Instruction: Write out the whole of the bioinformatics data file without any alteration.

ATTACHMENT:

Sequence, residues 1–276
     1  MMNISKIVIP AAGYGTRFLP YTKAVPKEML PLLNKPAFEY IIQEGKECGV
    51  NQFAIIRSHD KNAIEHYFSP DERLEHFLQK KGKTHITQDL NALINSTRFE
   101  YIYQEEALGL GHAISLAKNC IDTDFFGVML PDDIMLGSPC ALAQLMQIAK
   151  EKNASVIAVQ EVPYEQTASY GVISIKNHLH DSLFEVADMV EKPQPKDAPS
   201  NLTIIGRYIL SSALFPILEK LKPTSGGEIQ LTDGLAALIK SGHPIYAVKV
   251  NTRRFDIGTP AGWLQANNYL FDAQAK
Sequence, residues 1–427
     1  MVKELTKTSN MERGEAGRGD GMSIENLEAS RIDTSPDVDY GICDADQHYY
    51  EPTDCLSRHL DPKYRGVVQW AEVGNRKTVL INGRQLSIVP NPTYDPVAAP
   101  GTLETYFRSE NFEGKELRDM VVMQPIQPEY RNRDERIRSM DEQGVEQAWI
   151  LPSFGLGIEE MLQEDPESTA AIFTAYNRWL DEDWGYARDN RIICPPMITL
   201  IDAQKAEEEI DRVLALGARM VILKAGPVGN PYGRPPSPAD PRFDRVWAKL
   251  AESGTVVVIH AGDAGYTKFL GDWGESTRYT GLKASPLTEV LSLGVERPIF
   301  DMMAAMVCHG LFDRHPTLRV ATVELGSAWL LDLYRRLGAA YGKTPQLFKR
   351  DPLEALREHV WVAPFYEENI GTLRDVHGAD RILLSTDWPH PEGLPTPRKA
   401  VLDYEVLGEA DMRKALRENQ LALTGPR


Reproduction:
Sequence, residues 1–276
     1  MMNISKIVIP AAGYGTRFLP YTKAVPKEML PLLNKPAFEY IIQEGKECGV
    51  NQFAIIRSHD KNAIEHYFSP DERLEHFLQK KGKTHITQDL NALINSTRFE
   101  YIYQEEALGL GHAISLAKNC IDTDFFGVML PDDIMLGSPC ALAQLMQIAK
   151  EKNASVIAVQ EVPYEQTASY GVISIKNHLH DSLFEVADMV EKPQPKDAPS
   201  NLTIIGRYIL SSALFPILEK LKPTSGGEIQ LTDGLAALIK SGHPIYAVKV
   251  NTRRFDIGTP AGWLQANNYL FDAQAK
Sequence, residues 1–427
     1  MVKELTKTSN MERGEAGRGD GMSIENLEAS RIDTSPDVDY GICDADQHYY
    51  EPTDCLSRHL DPKYRGVVQW AEVGNRKTVL INGRQLSIVP NPTYDPVAAP
   101  GTLETYFRSE NFEGKELRDM VVMQPIQPEY RNRDERIRSM DEQGVEQAWI
   151  LPSFGLGIEE MLQEDPESTA AIFTAYNRWL DEDWGYARDN RIICPPMITL
   201  IDAQKAEEEI DRVLALGARM VILKAGPVGN PYGRPPSPAD PRFDRVWAKL
   251  AESGTVVVIH AGDAGYTKFL GDWGESTRYT GLKASPLTEV LSLGVERPIF
   301  DMMAAMVCHG LFDRHPTLRV ATVELGSAWL LDLYRRLGAA YGKTPQLFKR
   351  DPLEALREHV WVAPFYEENI GTLRDVHGAD RILLSTDWPH PEGLPTPRKA
   401  VLDYEVLGEA DMRKALRENQ LALTGPR